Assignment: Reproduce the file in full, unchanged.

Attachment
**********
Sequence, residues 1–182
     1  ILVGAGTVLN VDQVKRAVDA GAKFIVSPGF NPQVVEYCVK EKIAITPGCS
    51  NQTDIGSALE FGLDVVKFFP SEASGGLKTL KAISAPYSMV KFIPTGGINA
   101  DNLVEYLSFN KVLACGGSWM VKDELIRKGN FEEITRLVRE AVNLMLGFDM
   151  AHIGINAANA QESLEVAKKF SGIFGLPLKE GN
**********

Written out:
Sequence, residues 1–182
     1  ILVGAGTVLN VDQVKRAVDA GAKFIVSPGF NPQVVEYCVK EKIAITPGCS
    51  NQTDIGSALE FGLDVVKFFP SEASGGLKTL KAISAPYSMV KFIPTGGINA
   101  DNLVEYLSFN KVLACGGSWM VKDELIRKGN FEEITRLVRE AVNLMLGFDM
   151  AHIGINAANA QESLEVAKKF SGIFGLPLKE GN